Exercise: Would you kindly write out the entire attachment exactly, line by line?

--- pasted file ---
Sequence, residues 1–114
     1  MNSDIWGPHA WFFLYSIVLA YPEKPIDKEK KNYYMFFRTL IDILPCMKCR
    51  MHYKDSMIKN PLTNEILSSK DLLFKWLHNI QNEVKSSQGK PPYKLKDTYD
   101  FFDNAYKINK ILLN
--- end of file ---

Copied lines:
Sequence, residues 1–114
     1  MNSDIWGPHA WFFLYSIVLA YPEKPIDKEK KNYYMFFRTL IDILPCMKCR
    51  MHYKDSMIKN PLTNEILSSK DLLFKWLHNI QNEVKSSQGK PPYKLKDTYD
   101  FFDNAYKINK ILLN